The ’80s and ’90s produced arguably some of the most iconic ‘everyman’ performance cars.
The Lotus Carlton, the Sierra Cosworth and the Skyline GT-R are just some of the cars that we all continue to lust after, decades after their inception. Here were cars that weren’t reserved for the wealthy upper class – at least when they were first sold, today is a different matter – but rather aimed at the ordinary man and woman. They very much epitomised the ‘one car to do all things’ mantra. Drive to work on Monday, trackday on Saturday.
Come to think of it, are these the last of the ‘race Sunday, sell Monday’ cars? I’ve digressed, so let me get back on point…
As it transpires, our good friends at Rotiform are thinking about the exact same thing. They even made a film, so let’s go deeper…
Personally, I don’t think I could ever pick an absolute favourite from this era, but I guess these two wouldn’t be the worst to wake up and find in your garage. In a curious sort of way, both the E30 M3 and RS2 are very different and very similar cars at the same time.
Whilst their differences are obvious, a front-engined, naturally aspirated coupe versus a turbocharged four-wheel drive estate, their origins both heralded new dawns for their respective manufacturers. Both are the first of their kind – the first M3 and the first Audi RS model.
Both manufacturers turned to motorsport to create the cars too. BMW Motorsport were involved with the M3 whilst Porsche was heavily involved in creating the RS2.
The M3’s story is a familiar one, but the rarer RS2’s story isn’t quite as well known. Based on the Audi 80 Avant, the RS2 was the result of when Audi and Porsche worked together to build something a little bit special. As such, the RS2 proudly wears Porsche badging along with Porsche-branded Brembo brakes, often to the derision of those that don’t appreciate the car’s history.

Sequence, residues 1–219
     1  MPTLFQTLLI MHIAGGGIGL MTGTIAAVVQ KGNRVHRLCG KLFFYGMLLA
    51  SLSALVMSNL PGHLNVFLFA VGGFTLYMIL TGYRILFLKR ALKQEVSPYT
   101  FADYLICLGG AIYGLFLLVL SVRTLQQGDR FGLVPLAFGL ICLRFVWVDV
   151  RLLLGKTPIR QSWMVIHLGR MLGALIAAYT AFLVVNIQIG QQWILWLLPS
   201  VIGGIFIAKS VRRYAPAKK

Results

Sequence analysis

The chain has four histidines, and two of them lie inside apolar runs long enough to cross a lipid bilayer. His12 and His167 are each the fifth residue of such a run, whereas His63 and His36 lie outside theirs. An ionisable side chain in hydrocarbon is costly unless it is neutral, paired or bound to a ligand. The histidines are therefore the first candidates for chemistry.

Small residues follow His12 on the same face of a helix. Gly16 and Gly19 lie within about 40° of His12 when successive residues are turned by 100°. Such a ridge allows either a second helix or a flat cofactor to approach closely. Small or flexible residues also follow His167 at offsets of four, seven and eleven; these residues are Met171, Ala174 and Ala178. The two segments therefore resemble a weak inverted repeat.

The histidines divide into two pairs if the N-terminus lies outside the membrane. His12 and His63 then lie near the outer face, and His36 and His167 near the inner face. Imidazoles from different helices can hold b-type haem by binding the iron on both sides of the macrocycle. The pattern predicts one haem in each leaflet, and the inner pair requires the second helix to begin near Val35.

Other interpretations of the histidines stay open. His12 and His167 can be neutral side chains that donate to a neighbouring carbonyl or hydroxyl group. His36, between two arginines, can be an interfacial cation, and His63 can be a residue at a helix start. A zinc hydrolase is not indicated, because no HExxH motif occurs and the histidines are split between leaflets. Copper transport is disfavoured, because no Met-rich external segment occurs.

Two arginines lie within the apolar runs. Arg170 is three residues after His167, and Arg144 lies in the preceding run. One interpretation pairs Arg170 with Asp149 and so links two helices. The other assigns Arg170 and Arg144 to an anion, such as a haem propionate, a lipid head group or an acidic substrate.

Whilst Audi took responsibility for the body and quattro four-wheel drive system, Porsche worked its magic on the boosted five-cylinder engine, suspension and brakes. This is a mid-’90s estate car that could out-accelerate the supercars of the time, and even an F1 car of the same era. Well, to 30mph at least.
The M3 itself was without question the beginning of something wonderful too. It also remains the only car more successful than the Porsche 911 in motorsport, with the E30 establishing this particular dynasty.
Both cars have earned their reputations as standouts from an important era in automotive history. Not only for what they achieved on their own merits, but also the lineages they started which have gone on to become pillars of the performance car world.
Could I pick one over the other? Not a chance.